Let the Games Begin

Dec. 1, 2011

Editor’s Note: The following first appeared in the University of Iowa’s Hawk Talk Daily, an e-newsletter that offers a daily look at the Iowa Hawkeyes, delivered free each morning to thousands of fans of the Hawkeyes worldwide.

IOWA CITY, Iowa — Terry Steiner has always told his wrestlers there is something special about training in Iowa City. Now they get to see it for themselves.

Steiner, a 1993 NCAA Champion and three-time All-American at Iowa, is the head coach of the national women’s wrestling team, a position he has held since 2002 when he was named the first full-time women’s coach in USA Wrestling history. And for the first time during his tenure, Steiner and 16 Olympic hopefuls packed a bus in Colorado Springs on Monday morning to travel 12 hours east and begin a five-day training session inside the Dan Gable Wrestling Complex.

“There’s no better place,” Steiner said of training in Iowa City. “The people in Iowa are wrestling fans. They appreciate the sport of wrestling. It’s very evident after being away from here for a considerable amount of time. Coming back in you realize how important wrestling is in this state and this community.”

Steiner said there are many reasons to expose his athletes to the training you can only experience in Iowa City. The obvious reason is to acclimate his national team with the facility that hosts the 2012 U.S. Olympic Team Trials on April 21-22. But the more important and less tangible explanation is to unmask the culture that has produced five Olympic gold medalists and five World Champions.

“There are legends and wrestling icons that come through this program,” said Steiner. “The girls know that. When you think wrestling, Iowa is synonymous with perfection and the constant pursuit of perfection.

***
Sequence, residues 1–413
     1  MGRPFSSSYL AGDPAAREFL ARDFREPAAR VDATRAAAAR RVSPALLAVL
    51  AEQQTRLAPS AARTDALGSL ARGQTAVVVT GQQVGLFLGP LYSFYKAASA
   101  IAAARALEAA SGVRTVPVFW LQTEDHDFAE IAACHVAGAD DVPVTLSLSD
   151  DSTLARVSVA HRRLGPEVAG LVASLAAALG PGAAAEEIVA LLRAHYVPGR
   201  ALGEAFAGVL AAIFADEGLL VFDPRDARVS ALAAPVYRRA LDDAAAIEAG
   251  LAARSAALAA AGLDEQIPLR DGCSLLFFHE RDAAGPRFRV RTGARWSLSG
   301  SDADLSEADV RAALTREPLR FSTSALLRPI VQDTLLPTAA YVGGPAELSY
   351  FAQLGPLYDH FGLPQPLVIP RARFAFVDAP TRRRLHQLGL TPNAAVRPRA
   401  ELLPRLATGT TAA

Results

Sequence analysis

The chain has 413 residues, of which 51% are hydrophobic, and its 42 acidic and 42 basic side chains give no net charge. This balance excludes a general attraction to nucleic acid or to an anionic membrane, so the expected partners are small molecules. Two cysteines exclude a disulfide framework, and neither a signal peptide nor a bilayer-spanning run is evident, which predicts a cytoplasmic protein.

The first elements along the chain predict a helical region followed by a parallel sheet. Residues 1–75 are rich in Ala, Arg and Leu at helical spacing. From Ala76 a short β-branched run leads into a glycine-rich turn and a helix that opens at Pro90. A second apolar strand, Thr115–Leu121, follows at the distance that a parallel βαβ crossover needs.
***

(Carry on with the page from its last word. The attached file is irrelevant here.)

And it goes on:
“I know what the girls can pick up this week is not just getting a feel for the arena. It’s the whole atmosphere, the whole environment. It’s how people perceive the sport in this community. How the guys look at this sport and the expectations they place on themselves. I don’t want to limit the girls from what they can learn from here. Everyone will take something different from this experience. I know it’s a great thing. They’re excited about it. I’m excited about it. It’s a good thing all the way around.”

Iowa associate head coach Terry Brands is a two-time World Champion and former head coach of the USA national freestyle team. He said the opportunity to host the women’s national team is both unique and advantageous for all involved.

“Terry Steiner went the whole way to get this to happen,” said Brands. “It’s something he wanted to happen, and it’s important that we as an administration understand what we have. Gary Barta and his support staff took a big step to get the Trials, but now that we have it we need to realize what we have and make it so doggone good they never want to leave here.

“We got a message loud and clear from the front of the program — from Tom and myself all the way down — that we need to treat these people with dignity because they are good people and they’re about top-notch performances.”

Brands echoed Steiner’s comment that the visit to Carver-Hawkeye Arena goes well beyond becoming familiar with the brick and mortar. He predicts it will impact the wrestlers’ approach to competing in the 2012 Trials.

“I think it’s advantageous for any athlete in any country to be in Iowa City, Iowa,” said Brands. “You look on the walls and you look at the history of the program — from the Olympic, World and NCAA Champions that have walked through this place — and looking at what this program is about and what it continues to be about. I think it would be advantageous to anyone in the world to understand the history because it might make them better. It might help them become better people and athletes as they progress through their wrestling careers.”

For the women’s national team, the next step toward the 2012 London Olympics is competing at the U.S. Open Wrestling Championships on Dec. 15 in Arlington, Texas. The top seven finishers from each of the four Olympic weight classes will earn a spot in the 2012 Olympic Trials.

“We’re excited to be here and experience the Iowa atmosphere coach Steiner is always talking about,” said Elena Pirozkhova, who won a silver medal at 63 kg/138.75 pounds at the 2010 World Championships in Moscow, Russia. “It’s great to be able to experience the intensity of practice and see how much people love wrestling. It certainly gets us pumped up for nationals and all of our upcoming events.”

In addition to training inside the Dan Gable Wrestling Complex, the women’s team will be promoting the 2012 Olympic Trials by making appearances at Thursday’s Iowa City and Coralville CVB annual business luncheon, and the Dan Gable Wrestling Museum on Saturday for an Iowa Women’s Foundation function. The women’s national team will also perform a freestyle demonstration prior to the Iowa vs. Illinois dual Friday at 6:30 p.m. inside Carver-Hawkeye Arena.